I enjoy having visitors to the workshop play my instruments. I feel as though each musician leaves a little bit of themselves with the guitar. The process is to roll the camera and then put the guitar in their hands and see what develops. Here’s my friend Mike getting greasy on the Crow.
Since my childhood, the electric guitar has called me in ways I simply cannot explain. From the first strains of “Greensleeves” that shook the camp gymnasium windows, to the feedback drenched nights at Chicago’s Electric Theater—I was hooked. Similarly, my builds are formulated in a part of my brain that defies concious explaniation.
I imagine dusty boots walking railroad tracks, birds of prey and the jumble of words racing down antique telephone wires. A sixth sense that connects the delta with those who live in the city. The Crow is a messenger, harbinger and scrappy traveler. Like the touring musician who lives by his wits and intuition, the crow is alive in all of us.
After a few week’s absence from the docket, the binding of Hell’s Half Acre is back on the burner. Both neck and body are trimmed with a checked purfling made of ebony and maple—then bound with Italian-made cellulose.
Of particular beauty is the florentine cutaway, which is my siganature flourish. I love the way the purfling and ivoroid binding mitres at the peak. It’s a bitch to do, but the results are worth it. Getting the black stripe of side purfling to line up isn’t a walk in the park either. If it were easy, wht fun would it be?
The idea here is to evoke the cowboy theme contained in the history of Fort Worth’s most lawless period and place known as Hell’s Half Acre. The checked, half-herringbone really does look like the trail driver’s lariat. Now the guitar is completely roped in and ready to bring home. Just as the trail bosses pushed their herds north from Texas to the railheads in Oklahoma, we’re ready to push on with our project.
Any build is a journey of refinement as it progresses. Rather than beginning with an idea fully formed, I set off in a direction and look and listen for clues along the way. That’s not to say there isn’t a plan, just that it isn’t set in stone. The constraints of stubbornly adhering to a preconcieved path ignores the creative and intuitive process.
As Hell’s Half Acre starts to shape up, with its rope purfling, my eye told me that a little extra touch was needed on the side of the instrument to balance out the busy look of the top. It didn’t need to be so ornate as to distract, so I settled on a single black stripe within the ivoroid binding.
Starting with some strips of cellulose binding in ivoroid and black, it’s a matter of laminating three pieces togeter before adding it to the guitar.
Acetone-solvent adhesive is used to melt and bond the edges together on a caul of aluminum. There is a raised stop that holds the parts true and provides sideways clamping pressure as the assembly sets up.
There are lots of different ways to do this, but I used this technique to make some test strips up to check the appearance before I commit to it.
The next step is to rough trim the black material so that it can be scraped flat to the ivoroid. The black strip was a little too big so I’ll have to trim it with a nipper.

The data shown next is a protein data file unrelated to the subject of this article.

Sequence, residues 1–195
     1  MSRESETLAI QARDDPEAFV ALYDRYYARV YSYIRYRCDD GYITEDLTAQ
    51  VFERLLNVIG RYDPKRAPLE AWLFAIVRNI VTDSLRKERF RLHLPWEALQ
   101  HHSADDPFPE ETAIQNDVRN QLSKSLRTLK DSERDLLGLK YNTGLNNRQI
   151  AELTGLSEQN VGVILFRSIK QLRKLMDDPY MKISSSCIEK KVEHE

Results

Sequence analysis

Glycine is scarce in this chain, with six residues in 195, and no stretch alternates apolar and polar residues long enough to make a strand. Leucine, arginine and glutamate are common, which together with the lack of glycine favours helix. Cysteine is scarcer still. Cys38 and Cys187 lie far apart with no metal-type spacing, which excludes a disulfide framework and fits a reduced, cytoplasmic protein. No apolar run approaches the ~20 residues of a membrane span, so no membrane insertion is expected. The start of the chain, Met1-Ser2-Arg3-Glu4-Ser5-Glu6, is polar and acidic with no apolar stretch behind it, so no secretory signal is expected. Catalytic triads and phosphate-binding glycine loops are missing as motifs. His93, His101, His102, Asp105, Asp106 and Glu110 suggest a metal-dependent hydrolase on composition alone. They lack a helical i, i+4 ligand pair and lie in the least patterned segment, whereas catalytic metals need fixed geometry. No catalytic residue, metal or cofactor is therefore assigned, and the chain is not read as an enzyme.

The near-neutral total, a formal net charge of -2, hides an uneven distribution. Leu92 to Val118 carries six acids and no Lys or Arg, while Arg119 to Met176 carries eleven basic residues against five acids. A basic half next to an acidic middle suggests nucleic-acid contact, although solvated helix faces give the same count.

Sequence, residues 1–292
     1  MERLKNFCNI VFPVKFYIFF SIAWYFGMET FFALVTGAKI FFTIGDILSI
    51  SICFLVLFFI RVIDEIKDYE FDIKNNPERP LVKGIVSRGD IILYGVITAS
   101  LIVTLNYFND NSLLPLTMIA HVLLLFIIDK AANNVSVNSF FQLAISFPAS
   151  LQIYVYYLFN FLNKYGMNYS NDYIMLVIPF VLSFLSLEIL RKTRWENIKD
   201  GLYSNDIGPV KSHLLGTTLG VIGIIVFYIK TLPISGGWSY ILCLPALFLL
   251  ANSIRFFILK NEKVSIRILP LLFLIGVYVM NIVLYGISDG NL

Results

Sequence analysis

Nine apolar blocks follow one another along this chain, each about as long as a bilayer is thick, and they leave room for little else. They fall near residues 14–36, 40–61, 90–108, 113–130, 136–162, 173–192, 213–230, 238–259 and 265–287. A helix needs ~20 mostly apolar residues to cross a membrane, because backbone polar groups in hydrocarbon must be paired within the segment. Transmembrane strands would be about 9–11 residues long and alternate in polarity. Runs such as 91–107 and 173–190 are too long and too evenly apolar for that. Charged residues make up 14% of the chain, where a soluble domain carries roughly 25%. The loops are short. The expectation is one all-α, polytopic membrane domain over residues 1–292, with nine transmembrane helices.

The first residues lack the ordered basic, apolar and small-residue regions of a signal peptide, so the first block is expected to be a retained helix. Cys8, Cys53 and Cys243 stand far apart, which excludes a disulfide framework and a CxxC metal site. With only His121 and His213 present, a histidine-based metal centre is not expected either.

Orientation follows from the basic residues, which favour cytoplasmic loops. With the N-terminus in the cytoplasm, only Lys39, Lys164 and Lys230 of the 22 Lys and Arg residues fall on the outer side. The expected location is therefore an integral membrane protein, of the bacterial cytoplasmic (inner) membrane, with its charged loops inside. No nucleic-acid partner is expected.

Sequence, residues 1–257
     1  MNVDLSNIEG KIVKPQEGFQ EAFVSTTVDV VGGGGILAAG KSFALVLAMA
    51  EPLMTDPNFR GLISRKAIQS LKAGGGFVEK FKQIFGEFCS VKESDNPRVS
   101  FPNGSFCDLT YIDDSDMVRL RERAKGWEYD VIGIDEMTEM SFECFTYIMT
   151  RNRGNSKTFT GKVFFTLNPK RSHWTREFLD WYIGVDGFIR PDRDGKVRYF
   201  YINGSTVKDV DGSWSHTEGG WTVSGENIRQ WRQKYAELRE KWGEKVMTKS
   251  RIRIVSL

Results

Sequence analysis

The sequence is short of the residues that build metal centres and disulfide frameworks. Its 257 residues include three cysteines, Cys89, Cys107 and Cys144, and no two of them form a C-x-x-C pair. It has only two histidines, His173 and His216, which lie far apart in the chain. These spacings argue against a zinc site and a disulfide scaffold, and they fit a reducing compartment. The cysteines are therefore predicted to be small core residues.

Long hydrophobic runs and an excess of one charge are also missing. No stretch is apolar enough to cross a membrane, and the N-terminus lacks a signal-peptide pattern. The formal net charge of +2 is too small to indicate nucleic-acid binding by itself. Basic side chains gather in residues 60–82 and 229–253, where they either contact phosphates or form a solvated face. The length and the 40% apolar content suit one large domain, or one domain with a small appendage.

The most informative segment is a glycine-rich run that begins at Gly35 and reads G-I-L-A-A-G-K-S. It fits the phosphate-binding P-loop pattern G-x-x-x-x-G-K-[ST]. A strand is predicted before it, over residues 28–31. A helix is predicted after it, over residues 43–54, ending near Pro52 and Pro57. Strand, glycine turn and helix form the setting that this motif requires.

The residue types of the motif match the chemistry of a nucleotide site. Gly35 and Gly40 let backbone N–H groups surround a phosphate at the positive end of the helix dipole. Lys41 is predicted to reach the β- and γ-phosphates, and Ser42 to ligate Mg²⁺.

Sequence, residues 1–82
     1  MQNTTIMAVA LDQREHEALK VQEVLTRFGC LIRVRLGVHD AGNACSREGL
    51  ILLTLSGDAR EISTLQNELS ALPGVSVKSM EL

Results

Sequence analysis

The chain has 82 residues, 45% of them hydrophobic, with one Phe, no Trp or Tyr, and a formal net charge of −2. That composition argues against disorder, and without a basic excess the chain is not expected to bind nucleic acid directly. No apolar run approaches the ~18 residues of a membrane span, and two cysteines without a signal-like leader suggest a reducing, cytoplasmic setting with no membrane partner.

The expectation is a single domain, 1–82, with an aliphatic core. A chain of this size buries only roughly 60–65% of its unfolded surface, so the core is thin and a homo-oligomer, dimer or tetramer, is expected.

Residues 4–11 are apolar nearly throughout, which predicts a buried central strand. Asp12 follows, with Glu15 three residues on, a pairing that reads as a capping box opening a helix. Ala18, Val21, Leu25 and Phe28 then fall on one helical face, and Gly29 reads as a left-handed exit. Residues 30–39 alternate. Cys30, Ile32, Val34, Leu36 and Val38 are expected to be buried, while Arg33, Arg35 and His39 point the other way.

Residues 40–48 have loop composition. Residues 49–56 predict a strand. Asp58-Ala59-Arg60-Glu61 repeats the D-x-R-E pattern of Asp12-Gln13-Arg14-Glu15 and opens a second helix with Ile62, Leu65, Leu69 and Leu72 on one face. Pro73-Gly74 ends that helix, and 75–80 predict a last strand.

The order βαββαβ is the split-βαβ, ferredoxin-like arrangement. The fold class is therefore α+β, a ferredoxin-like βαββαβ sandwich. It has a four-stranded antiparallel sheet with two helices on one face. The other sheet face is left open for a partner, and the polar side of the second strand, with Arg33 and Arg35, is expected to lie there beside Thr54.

A few passes with the cabinet scraper is all that’s needed to get things ready to put on the body. I’l also trim the final edge on the binding to reduce the width of the small white stripe and make sure it fits perfectly into the routs on the instrument.
I think this is going to look great on the sides of the guitar which will be painted with an opaque black lacquer.
Now that spring seems to be truly here, work on finishing the Sakura guitar ramps up. Here’s a bit of background on the control knobs.
I had decided to use my own handmade control knobs like I did for the Crow. First, I tried a series of metal Tele-style and plastic old-school cupcake knobs—they just weren’t right. The Sakura guitar demands something that both blends in, and complements what’s already there. The chrome just stood out too much and dark knobs did too. So, it was time to pull out the knob-making gear.
The first step is to pour acrylic resin into my silicone mold. I made the form from an original 1947 lap steel knob I got from a collector friend of mine. I was lucky to find one in good shape without any crazing or cracks. The secret to using this resin is getting all the air bubbles out before it sets up. I found that vibrating the material with an electric oscillating sander did the trick.
The surface tension in the mold creates a slight dish shape on the top that I want to remove. I use a fine file and then sandpaper on a stone to take the scratches out.
The fine scratches are then removed on a polishing wheel with some white compound. Spinning the knob slowly in my hand also breaks the edges slightly, which gives the knobs a broken-in feel.
As nice as the clear knobs look, they were slightly distracting on the Sakura’s cherry face, so I had decided to add some opaque silver in the inside cavity. This will tone down the look and match the engraved front plate better.
Here you can see the knob’s full .650″ height. Although they are larger than a traditional “speed” knob, their clarity keeps their look balanced on the guitar. I mixed a little yellow into some silver lacquer to match the nickel plating on the front plate.
As you can see, the silver changes the look just enough to subdue the knob slightly. There is still enough clear to allow the background to show through too. After the lacquer cures completely, I’ll swap out the test knobs that are on the guitar.